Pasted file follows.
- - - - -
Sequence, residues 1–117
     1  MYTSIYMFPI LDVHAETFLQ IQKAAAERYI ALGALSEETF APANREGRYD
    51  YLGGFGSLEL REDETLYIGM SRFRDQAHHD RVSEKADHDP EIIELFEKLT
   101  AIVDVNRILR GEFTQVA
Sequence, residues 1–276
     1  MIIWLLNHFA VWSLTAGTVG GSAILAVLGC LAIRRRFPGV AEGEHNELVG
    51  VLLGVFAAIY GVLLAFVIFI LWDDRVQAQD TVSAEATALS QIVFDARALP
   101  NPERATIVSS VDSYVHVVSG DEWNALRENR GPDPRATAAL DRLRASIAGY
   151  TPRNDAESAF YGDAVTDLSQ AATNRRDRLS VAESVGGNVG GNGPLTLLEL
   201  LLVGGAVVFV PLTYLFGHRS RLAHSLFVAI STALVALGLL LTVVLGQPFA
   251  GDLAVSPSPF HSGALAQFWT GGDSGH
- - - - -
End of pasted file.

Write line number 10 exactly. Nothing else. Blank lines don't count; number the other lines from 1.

   201  LLVGGAVVFV PLTYLFGHRS RLAHSLFVAI STALVALGLL LTVVLGQPFA